As highlighted above, it was very noticeable how much the scoring improved as the week wore on and the winner, Ortiz, Talor Gooch, and MacKenzie Hughes, all shot seven-under-par 63s on Sunday last year, suggesting anyone playing here for the first time this year could be significantly disadvantaged. Backing anyone that wasn't in the field 12 months ago could be risky.

If playing the tournament match bets is your thing, playing those with course experience against those without it, could be a good angle-in too. For example, Cameron Smith is odds-on to beat Tony Finau but the Aussie is making his debut this week.

Thumbnail image for Tony-Finau-1280.gif

That might nor be a great example as Smith plays Augusta nicely but then again, Finau has three top-tens in four starts there and he's been second twice at Riviera. Both are candidates for the title given their correlating course form but hopefully you get my drift.

Is There an Identikit Winner?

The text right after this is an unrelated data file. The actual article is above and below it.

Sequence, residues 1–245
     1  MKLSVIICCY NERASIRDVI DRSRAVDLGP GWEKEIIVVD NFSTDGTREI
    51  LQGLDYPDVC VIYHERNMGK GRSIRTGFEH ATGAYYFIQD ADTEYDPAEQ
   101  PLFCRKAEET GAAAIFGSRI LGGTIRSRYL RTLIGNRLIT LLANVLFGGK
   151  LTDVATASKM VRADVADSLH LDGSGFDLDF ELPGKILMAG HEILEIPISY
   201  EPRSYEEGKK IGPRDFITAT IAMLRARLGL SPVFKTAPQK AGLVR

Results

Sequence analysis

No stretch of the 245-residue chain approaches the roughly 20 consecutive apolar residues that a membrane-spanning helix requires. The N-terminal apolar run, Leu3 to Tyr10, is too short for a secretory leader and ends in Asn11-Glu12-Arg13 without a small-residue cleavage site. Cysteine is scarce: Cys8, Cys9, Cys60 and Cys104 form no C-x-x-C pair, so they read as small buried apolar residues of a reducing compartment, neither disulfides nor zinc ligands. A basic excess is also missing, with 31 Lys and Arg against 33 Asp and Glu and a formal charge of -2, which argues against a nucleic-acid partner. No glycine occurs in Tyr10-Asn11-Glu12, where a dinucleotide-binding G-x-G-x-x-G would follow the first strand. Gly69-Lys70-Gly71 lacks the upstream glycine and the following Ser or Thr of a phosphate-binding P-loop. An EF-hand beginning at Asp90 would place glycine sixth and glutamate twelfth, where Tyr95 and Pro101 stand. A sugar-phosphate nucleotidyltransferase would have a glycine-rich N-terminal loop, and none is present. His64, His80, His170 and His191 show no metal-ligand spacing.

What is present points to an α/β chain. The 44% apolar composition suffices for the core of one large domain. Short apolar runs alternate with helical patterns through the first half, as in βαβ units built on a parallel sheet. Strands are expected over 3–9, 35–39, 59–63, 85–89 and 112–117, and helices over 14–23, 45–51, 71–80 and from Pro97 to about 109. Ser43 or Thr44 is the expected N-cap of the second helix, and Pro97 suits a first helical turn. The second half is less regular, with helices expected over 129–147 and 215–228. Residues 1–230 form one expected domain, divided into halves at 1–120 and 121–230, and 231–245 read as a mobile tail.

This has been a decent tournament for outsiders over the years and Ortiz was a 200.0199/1 chance 12 months ago. In the last eight years alone, we've seen longshots, Ortiz, D.A Points, Matt Jones, Ian Poulter and Jim Herman all take the title but I'm not convinced that trend will continue at this venue if last year is anything to go by...

With the likes of DJ, Matsuyama, Koepka, Tyrrell Hatton and Jason Day all inside the top-seven and ties and with Open Championship winner, Shane Lowry, just a stroke outside the places, the cream really did rise to the top in 2020


Winner's Position and Exchange Price Pre-Round Four

2020 - Carlos Ortiz - tied second, trailing by one 7.413/2
2019 - Lanto Griffin - led by one stroke 4.03/1
2018 - Ian Poulter - tied for the lead 4.77/2
2017 - Russell Henley - third and trailing by four 6.611/2
2016 - Jim Herman - tied for the lead 11.521/2
2015 - J.B Holmes tied 18th - trailing by six 160.0159/1

In-Play Tactics

Looking at last year's result, Memorial Park is somewhere where winning form off the pace is perfectly possible.

Ortiz sat second after rounds one, two and three last year but DJ trailed by seven after round one and by five after 36 holes, and four of the eventual top-ten trailed by at least seven strokes at halfway. Koepka, who finished tied fifth, and Hughes, who finished tied ninth, both trailed the halfway leader, Burns, by nine strokes!